Sunday, August 14, 2016

Women Health: The Obesity and Anovulation Research and Studies of Ovulation in obese and lean women

Kyle J. Norton(Scholar, Master of Nutrients), all right reserved.
Health article writer and researcher; Over 10.000 articles and research papers have been written and published on line, including world wide health, ezine articles, article base, healthblogs, selfgrowth, best before it's news, the karate GB daily, etc.,.
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Some articles have been used as references in medical research, such as international journal Pharma and Bio science, ISSN 0975-6299.

Obesity is a medical condition of excess body fat accumulated overtime, while overweight is a condition of excess body weight relatively to the height. According to the Body Mass Index(BMI), a BMI between 25 to 29.9 is considered over weight, while a BMI of over 30 is an indication of obesity. According to the statistic, 68% of American population are either overweight or obese.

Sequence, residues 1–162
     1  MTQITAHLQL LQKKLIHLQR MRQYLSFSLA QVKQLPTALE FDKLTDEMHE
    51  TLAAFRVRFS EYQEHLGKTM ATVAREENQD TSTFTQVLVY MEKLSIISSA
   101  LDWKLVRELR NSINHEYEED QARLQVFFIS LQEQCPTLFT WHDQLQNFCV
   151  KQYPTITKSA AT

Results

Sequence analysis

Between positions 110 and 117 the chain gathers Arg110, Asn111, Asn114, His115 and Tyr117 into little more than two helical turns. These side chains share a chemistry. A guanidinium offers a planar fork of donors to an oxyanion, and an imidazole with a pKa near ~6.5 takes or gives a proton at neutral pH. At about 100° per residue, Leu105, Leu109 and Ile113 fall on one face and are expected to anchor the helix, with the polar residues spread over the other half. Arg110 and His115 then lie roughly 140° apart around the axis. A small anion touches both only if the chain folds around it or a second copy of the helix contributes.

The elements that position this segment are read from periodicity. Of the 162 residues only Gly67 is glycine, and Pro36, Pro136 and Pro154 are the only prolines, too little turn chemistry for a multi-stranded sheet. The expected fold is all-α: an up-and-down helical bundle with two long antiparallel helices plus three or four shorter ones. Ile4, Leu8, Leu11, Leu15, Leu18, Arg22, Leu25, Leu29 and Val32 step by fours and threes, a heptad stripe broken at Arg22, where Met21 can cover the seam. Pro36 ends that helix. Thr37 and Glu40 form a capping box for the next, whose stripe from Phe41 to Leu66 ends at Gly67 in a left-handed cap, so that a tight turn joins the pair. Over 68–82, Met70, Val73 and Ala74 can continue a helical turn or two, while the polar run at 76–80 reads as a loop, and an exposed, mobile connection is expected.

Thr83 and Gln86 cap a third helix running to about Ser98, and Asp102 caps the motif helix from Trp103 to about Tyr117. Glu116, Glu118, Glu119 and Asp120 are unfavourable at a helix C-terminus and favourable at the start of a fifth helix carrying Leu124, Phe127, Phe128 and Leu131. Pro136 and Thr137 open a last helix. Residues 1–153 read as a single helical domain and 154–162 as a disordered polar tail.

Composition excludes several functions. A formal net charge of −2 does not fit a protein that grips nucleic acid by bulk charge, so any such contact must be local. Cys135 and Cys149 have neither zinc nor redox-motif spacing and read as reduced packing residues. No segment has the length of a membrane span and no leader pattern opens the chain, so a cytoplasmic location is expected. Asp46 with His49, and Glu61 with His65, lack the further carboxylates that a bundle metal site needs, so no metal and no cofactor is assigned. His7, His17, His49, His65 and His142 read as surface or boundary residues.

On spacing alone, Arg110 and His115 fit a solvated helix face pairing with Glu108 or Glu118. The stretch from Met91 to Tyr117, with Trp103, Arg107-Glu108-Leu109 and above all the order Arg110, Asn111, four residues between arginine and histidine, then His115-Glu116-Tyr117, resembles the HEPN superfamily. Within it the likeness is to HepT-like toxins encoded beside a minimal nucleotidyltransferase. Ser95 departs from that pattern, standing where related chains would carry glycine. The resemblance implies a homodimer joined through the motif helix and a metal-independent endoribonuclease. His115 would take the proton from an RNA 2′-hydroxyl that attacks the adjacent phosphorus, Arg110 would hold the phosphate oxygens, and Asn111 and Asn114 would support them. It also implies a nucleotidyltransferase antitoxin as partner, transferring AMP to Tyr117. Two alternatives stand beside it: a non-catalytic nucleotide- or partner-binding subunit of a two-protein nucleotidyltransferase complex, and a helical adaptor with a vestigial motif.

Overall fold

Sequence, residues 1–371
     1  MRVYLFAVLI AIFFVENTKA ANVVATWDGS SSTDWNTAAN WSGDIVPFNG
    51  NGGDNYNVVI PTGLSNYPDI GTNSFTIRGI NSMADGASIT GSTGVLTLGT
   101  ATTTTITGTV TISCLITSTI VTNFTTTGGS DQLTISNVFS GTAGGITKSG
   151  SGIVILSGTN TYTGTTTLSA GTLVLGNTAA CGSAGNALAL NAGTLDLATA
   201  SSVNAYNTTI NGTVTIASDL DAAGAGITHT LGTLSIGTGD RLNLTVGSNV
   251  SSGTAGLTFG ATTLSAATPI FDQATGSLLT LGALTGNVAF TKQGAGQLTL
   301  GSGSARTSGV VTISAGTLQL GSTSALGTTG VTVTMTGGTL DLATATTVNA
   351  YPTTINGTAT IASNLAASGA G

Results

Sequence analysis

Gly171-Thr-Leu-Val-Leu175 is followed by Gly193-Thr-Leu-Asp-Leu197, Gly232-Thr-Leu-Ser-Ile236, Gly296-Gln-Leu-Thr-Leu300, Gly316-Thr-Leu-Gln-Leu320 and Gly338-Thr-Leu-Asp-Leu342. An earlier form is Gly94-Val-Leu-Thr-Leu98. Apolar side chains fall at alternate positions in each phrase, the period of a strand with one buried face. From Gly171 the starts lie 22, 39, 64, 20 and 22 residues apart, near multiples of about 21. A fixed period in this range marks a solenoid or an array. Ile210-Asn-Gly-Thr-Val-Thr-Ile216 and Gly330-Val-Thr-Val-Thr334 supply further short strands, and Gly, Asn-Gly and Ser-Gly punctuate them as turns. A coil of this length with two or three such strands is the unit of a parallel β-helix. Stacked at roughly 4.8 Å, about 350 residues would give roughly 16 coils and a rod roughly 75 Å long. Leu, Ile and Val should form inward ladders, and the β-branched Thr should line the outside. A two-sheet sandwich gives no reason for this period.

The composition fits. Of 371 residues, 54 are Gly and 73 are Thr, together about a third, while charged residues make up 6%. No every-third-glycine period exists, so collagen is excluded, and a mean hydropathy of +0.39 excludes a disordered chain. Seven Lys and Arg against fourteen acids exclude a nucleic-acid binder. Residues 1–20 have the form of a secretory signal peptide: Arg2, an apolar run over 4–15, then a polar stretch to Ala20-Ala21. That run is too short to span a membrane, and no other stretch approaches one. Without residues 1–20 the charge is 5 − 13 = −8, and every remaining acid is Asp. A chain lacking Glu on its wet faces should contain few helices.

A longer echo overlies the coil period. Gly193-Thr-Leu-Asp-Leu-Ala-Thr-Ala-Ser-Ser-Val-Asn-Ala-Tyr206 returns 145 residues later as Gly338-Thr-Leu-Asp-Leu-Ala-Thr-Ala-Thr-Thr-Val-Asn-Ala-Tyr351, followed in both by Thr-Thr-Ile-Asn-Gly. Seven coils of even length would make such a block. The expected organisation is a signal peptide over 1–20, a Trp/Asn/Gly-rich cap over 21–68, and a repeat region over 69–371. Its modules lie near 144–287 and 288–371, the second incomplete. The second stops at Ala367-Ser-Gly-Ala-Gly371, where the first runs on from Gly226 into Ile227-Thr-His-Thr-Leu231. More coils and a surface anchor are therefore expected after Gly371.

You can calculate your BMI index BMI= weight (kg)/ height (m2)

The Studies of Ovulation in obese and lean women

Obesity is known to interfere with reproductive outcomes in polycystic ovary syndrome. According to the University of Queensland, In searched MEDLINE and several other databases from 2000 to September 2011 for studies reporting on OAT and reproductive outcomes. Data were synthesized to determine the risk ratio of reproductive outcomes (ovulation and pregnancy) in lean (BMI <25 kg/m(2)) as opposed to overweight or obese women. with 15 datasets (14 articles) obtained for analysis, included 905 subjects in the obese group and 879 subjects in the lean group, lean women had increased ovulation rates (RR 1.43, 95% CI 1.22-1.66) as compared to obese women. Pregnancy rates also showed a similar trend (RR 1.73, 95% CI 1.39-2.17). Reproductive outcomes were generally better in younger women, more recent studies and randomized controlled trials, posted in PubMed.

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